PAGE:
Thursday, August 30, 2012

Monuments to greed

Mariono Rajoy and the PP blame Spain’s problems on the previous socialist government of José Luis Rodríguez Zapatero but in Valencia, it was the PP party who held power so who do we blame for the problems in our region? The regions in Spain are responsible for 40% of public spending covering health, education and other welfare services.

Although many of Spain’s autonomous regions are in difficulty, nowhere did they spend more than in Valencia which is why Madrid ordered the region to cut its deficit by two thirds or face government intervention. Now Valencia is the area with the highest number of house repossessions and the highest unemployment rate at 27%.

We all recall that Francisco Camps was ousted by his own party amid allegations of corruption. No doubt, he was not the only one who was guilty of lining his own pocket at the expense of the region. There would have been countless others who offered generous contracts in exchange for backhanders. These were the people responsible for white elephants such as the airport at Castellon and the the 26m euro hospital at Lliria which hasn’t opened in the 3 years since it was built.

The Victorians were fond of building follies in Britain but at least they never pretended these were anything else but whims. The politicians in Valencia tried to con us into thinking theirs were great works, essential to the growing society of the region. So Valencia has a deficit of 4.5% of GDP and it needs a bailout of 3.5bn euros.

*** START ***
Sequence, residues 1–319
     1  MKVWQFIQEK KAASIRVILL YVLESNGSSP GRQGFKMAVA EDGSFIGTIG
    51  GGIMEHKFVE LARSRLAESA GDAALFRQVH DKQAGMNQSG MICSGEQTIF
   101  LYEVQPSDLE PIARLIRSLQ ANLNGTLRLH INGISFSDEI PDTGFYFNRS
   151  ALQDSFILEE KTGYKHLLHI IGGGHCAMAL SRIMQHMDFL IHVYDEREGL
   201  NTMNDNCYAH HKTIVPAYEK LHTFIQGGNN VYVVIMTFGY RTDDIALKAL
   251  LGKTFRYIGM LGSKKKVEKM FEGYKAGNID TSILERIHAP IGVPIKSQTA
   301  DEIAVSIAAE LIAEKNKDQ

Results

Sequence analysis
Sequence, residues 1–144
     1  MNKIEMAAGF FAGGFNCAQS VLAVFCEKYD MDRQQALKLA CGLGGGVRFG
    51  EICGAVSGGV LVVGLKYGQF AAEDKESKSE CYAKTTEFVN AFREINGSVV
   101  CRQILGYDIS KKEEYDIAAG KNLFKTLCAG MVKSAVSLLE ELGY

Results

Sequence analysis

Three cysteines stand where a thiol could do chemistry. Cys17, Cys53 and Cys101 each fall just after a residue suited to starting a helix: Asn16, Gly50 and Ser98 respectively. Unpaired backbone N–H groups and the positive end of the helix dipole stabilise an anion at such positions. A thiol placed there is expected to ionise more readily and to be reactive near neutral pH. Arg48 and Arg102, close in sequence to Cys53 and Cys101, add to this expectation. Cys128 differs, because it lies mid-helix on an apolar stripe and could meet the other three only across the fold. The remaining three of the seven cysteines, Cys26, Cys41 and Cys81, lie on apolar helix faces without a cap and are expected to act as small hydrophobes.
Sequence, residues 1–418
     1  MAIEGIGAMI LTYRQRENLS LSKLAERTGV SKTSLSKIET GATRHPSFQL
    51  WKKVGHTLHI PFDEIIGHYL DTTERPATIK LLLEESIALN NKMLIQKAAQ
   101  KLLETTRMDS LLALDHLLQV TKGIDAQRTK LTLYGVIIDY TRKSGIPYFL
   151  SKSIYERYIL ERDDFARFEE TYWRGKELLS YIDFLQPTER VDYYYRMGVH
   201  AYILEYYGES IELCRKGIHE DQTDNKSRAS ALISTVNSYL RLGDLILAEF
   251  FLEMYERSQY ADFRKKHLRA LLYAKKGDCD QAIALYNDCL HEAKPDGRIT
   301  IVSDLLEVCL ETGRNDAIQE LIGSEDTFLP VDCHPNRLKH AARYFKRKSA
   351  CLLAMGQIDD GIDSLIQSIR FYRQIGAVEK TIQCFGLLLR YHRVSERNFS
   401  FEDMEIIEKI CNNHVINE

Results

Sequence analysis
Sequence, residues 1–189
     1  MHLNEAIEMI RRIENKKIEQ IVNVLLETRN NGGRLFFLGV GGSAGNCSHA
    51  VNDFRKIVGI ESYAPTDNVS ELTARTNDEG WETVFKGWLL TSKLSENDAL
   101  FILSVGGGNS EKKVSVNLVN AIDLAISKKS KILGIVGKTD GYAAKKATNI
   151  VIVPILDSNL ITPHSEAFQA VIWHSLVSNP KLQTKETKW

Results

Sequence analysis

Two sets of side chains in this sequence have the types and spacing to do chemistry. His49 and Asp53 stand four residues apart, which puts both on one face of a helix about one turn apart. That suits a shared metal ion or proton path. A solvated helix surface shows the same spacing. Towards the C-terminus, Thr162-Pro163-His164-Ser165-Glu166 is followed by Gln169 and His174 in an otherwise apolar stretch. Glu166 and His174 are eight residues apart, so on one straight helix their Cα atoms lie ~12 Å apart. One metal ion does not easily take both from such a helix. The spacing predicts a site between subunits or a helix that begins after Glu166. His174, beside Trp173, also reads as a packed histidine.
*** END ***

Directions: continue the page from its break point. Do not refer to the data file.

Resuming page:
Will the airport at Castellon ever open? The locals think that they landed on Mars before they got to the new airport.

1 comment:

Charles Smythe said...

It's not just Valencia in deep trouble. Much of the €18bln on offer from the Spanish govt. will end up on Spain's eastern Mediterranean coast, with Catalonia, Valencia & Murcia at the front of the queue.

And data from the European Central Bank shows that outflows from Spanish commercial banks reached €74bln in July, twice the previous monthly record. This brings the total deposit loss over the past year to 10.9%, replicating the pattern seen in Greece as the crisis spreads.